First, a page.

Figure 6 – A percussive MIDI gamelan instrument implemented with FSRs.
How do I use an FSR in a circuit?
An FSR can easily replace almost any resistor in your circuit and give you instant external control. The resistance varies from several megohms with no pressure, down to a few hundred ohms under very heavy pressure. This is particularly useful for audio circuits, as you often want to modify a frequency or amplitude over large ranges.
If you want to create a control voltage with an FSR, or send its signal to the ADC on a microcontroller, there are a couple of options. The first is shown on the left of Figure 7 below. This is a standard voltage-divider configuration, with the FSR acting as one of the resistors. You can place the FSR on the top of the divider if you want the voltage to increase with pressure, or at the bottom if you want the voltage to decrease. A simple op-amp follower is shown on the right of Figure 7, which will keep the FSR output consistent and buffer the signal for driving smaller loads. You can also put gain in this op-amp if you want to increase the output swing of the FSR signal.
Figure 7 – Typical FSR circuits.
One of the characteristics of an FSR is that its resistance does not change linearly with applied force. The resistance will tend to drop quickly at first, and then more slowly as most of the spaces within the FSR material become compressed. This can be advantageous if you want to cover a large range of force values, as it essentially compresses the range, but it also makes the circuit very sensitive to the initial light touches on the FSR. To compensate for this, and linearize the FSR output, the circuit in Figure 8 can be used. As with the voltage divider circuit, you can get either positive or negative voltage swings by tying the FSR to either the positive or negative voltage supply, and gain can also be used to increase the FSRs effective range.
Figure 8 – FSR linearization and gain circuit.
With any of these circuits, it’s important to remember to keep the current low through the FSR. The more current you send through them, the more they heat up, and the more the resistance changes. With too much current, the FSR material can even be damaged. It’s best to keep the current under 1mA.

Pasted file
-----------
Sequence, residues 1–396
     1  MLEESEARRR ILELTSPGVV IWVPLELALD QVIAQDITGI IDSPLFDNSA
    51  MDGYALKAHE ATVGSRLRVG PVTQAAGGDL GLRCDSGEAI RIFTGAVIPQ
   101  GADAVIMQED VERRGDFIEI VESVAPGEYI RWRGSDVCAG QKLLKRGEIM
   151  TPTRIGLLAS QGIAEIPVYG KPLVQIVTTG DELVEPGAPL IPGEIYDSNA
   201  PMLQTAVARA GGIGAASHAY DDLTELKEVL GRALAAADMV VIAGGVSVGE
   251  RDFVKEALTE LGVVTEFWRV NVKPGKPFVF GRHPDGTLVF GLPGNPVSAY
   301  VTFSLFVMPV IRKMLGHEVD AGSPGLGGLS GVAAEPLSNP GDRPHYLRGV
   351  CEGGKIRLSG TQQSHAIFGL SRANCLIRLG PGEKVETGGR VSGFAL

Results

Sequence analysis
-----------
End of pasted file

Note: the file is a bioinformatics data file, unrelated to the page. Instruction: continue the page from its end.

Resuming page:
How do I attach the FSR?
Although FSRs are relatively easy to use in a circuit, they can be a bit tricky to attach to things, both mechanically and electrically. Most FSRs use metal staples (see Figures 1 and 3) which pierce the plastic film and crimp on to the electrical conductors printed on top. The problem with these staples, is that it can be difficult to solder to them without melting the plastic and hurting the electrical contact within. If you do solder to the contacts, be sure to have the wire you are soldering to pre-tinned, and only heat long enough to melt the solder and make a good joint. Other options for connecting an FSR include screw terminals or SIP sockets. These have the advantage of making sensor replacement quick and easy at the expense of a less robust connection. Most FSRs also use .1″ spacing, so you can easily press them into a protoboard as well.
A good mechanical connection to your FSR is very important, and often over-looked. The mounting system should do two things – provide a stiff, flat surface for contact, and limit the amount of shear force on the sensor. One of the problems with FSRs is that they can give different readings under the same force conditions, depending upon how they are pushed. This is because the sensor averages out the pressure over the whole surface, and a poorly distributed load will apply a lot of pressure in one place, but not another. To counter this effect, always use a relatively stiff material on either side of the FSR, with a thin cushion between, in order distribute the load evenly.
Figure 9 – Delaminated FSR.
Another drawback FSRs have, is that they easily split in half under sideways (shear) forces. They also only work under compression, and tear under tension. This is why you want to make sure that pressure can only go straight down onto the FSR (a delaminated FSR can be seen above). Depending upon how hard you expect to press on the sensor, this may not be an issue. But, if possible, have the actuator that presses against the sensor constrained to move only up and down. This can be accomplished with a small groove, or a cantilevered hinge, as shown below.
Figure 10 – FSR attachment examples.
Which FSR should I use?
The main two manufacturers of FSR sensors are Interlink and FlexiForce. Interlink FSRs come in a wide range of shapes, are relatively inexpensive, and fairly robust. On the downside, they vary greatly between units, have a lot of resistance drift over time, and are a bit slow to respond. The FlexiForce sensors, on the other hand, tend to be more accurate and repeatable, but are more expensive and fragile. In applications where exact forces don’t need to be measured, the Interlink products will probably serve you best. For more repeatable results, the FlexiForce sensors will be better (as they rely on the piezoresistive effect). But, if you really need consistent results, an FSR isn’t the best choice, and a load-cell or strain guage should be used.
For more information, check out the Interlink FSR Guide.